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Tips And Tricks For Halloween

by Diane Fennell

Pediatric nurse practitioner Jean Roemer supports the idea of allowing your child to pick 10 or so favorite candies from the bag and offers another suggestion for what to do with the rest: Auction it off to family members for spending money.

No matter which approach you take, one thing that is important is to make sure that your child with diabetes does not feel singled out. As Kelly Kunik, diagnosed with diabetes on Halloween at age 8, recalls, “We didn’t have carb counting back when I was diagnosed. My first night in the hospital, all the other kids were trick-or-treating, but I wanted no part of the special diabetes candy.” (It is worth noting that sugar-free versions of candy often contain more carbohydrate than their regular counterparts.) And according to Morrone Sparling, “It’s important to let the child with diabetes know that he isn’t ‘banned’ from treats, just that it requires a little extra planning and patience.”

We’re having a party

For parents who seek an alternative to trick-or-treating, a party, complete with Halloween-themed decorations and games, may be a good option. The following activities can get any party off to a spooky start:

  • Costume Fashion Show
    Set up a runway and play a compilation of Halloween music while the kids display their costumes. Hand out awards in different categories, such as scariest costume or best homemade costume.
  • Goo Relay
    Make some goo by mixing four parts cornstarch with one part water (adding some food coloring, if desired) until the concoction has a slimy consistency. Divide children into teams and line each team up about 20 feet from an empty bucket. At the word “go,” have team members take turns running a handful of slime from a container at the starting line to the bucket. The first team to fill its bucket wins.
  • Guess the pumpkin’s weight
    Have kids write their estimates of a pumpkin’s weight onto a slip of paper. The child with the closest guess wins a prize.
  • Silly telephone
    Arrange all of the children into a large circle. Have the first child whisper a silly message into the second child’s ear. See how the message has changed by the time it reaches the beginning of the circle.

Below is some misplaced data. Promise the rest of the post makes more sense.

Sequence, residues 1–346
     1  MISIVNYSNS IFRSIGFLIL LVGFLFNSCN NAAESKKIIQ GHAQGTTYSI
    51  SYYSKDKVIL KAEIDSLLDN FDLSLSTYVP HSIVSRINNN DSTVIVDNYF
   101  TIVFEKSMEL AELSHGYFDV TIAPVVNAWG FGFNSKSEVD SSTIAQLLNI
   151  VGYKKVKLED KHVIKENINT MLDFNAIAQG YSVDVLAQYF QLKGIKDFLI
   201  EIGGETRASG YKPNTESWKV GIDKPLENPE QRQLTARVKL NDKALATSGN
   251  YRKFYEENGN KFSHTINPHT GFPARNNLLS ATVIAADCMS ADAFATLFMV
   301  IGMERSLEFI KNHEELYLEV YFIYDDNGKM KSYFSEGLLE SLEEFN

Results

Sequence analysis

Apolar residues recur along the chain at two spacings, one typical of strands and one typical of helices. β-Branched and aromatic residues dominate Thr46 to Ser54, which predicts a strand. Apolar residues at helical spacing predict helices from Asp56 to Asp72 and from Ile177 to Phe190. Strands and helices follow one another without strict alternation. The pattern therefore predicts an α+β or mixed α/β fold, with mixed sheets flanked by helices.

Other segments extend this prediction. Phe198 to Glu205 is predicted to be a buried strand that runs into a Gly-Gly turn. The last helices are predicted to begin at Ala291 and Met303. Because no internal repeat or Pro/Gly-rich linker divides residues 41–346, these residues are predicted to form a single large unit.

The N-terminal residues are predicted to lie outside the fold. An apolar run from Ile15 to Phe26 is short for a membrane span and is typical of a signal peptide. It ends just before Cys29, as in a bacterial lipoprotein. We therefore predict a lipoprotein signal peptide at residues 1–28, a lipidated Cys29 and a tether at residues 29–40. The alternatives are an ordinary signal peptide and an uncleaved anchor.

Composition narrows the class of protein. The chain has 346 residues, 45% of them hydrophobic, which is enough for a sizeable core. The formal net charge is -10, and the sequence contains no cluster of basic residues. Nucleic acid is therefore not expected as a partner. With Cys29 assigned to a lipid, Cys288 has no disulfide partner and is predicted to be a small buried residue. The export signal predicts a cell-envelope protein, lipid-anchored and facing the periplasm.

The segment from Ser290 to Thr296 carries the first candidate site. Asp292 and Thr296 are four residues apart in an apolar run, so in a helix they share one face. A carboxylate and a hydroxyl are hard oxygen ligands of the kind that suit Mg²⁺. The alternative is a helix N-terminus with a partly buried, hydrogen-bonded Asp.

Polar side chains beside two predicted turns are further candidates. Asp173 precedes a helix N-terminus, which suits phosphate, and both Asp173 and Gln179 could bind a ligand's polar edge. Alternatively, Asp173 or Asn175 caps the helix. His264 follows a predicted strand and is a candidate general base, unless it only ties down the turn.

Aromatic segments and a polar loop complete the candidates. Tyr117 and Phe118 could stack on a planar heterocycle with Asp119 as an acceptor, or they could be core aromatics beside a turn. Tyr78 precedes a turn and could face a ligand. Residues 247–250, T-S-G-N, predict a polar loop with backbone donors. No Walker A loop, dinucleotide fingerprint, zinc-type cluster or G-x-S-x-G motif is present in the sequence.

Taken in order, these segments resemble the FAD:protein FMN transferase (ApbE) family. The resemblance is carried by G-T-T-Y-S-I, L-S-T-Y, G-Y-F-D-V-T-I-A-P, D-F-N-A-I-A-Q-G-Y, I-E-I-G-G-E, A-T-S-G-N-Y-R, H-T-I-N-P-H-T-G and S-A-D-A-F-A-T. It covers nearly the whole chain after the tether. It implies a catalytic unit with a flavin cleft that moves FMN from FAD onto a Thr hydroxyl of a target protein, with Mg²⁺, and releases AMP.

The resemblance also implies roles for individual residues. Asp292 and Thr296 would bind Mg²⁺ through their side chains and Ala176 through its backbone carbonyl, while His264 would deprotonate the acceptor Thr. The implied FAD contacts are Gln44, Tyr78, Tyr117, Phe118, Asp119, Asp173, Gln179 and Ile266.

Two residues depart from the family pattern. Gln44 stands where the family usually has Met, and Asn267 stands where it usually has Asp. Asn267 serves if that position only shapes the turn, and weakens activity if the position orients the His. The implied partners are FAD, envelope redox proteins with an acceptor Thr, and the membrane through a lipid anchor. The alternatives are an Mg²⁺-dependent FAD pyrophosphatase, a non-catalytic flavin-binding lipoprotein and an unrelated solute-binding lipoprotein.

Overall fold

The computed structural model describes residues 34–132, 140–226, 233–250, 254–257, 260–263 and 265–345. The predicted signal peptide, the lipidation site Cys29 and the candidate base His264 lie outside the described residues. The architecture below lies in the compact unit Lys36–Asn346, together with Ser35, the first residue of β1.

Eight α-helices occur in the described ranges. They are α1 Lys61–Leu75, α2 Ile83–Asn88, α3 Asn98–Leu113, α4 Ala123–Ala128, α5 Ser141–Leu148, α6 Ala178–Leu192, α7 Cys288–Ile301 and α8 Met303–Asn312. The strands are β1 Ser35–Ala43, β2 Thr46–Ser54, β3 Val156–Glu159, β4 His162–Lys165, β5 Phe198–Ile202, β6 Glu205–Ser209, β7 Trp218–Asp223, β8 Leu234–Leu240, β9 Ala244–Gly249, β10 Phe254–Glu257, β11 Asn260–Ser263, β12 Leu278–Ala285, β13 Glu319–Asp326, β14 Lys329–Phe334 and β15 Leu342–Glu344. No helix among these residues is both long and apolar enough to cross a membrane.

For more Halloween-themed games, type “Halloween party games” into an Internet search engine such as Google.

Be sure to keep an eye on your child’s blood glucose levels if he is playing a game that requires a fair amount of physical activity: Getting more exercise than usual can lead to lower-than-expected blood glucose. On the other end of the spectrum, some children may experience very high blood glucose if they get scared by a particularly convincing costume or display at a haunted house.

Having a spooktacular time

There are as many ways to healthfully celebrate Halloween with diabetes as there are ghosts, ghouls, and goblins afoot on All Hallows’ Eve. By planning ahead and including your child in any decision-making, you can ensure a heck of a good time for everyone on Halloween. Just don’t forget to brush teeth and floss if there’s candy involved.

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Halloween Treats

 

 

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Statements and opinions expressed on this Web site are those of the authors and not necessarily those of the publishers or advertisers. The information provided on this Web site should not be construed as medical instruction. Consult appropriate health-care professionals before taking action based on this information.

 

 

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